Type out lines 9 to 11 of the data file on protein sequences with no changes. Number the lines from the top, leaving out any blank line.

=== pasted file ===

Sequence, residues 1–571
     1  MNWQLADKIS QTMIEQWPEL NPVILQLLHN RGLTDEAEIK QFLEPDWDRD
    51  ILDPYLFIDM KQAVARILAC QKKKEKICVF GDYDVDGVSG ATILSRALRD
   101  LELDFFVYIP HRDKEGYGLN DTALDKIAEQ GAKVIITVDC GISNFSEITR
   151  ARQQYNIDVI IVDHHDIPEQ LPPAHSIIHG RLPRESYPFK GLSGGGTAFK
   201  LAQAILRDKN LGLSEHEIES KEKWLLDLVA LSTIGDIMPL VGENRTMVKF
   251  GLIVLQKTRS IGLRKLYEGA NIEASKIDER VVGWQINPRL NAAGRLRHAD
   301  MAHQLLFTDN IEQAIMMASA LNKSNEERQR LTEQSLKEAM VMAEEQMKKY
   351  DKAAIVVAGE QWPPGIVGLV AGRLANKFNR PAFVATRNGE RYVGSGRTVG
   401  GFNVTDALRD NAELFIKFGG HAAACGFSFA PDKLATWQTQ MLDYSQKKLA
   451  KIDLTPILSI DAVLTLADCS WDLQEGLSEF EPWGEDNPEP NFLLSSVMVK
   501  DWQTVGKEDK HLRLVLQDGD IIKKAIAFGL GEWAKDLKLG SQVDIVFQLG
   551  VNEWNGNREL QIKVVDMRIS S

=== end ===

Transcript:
   351  DKAAIVVAGE QWPPGIVGLV AGRLANKFNR PAFVATRNGE RYVGSGRTVG
   401  GFNVTDALRD NAELFIKFGG HAAACGFSFA PDKLATWQTQ MLDYSQKKLA
   451  KIDLTPILSI DAVLTLADCS WDLQEGLSEF EPWGEDNPEP NFLLSSVMVK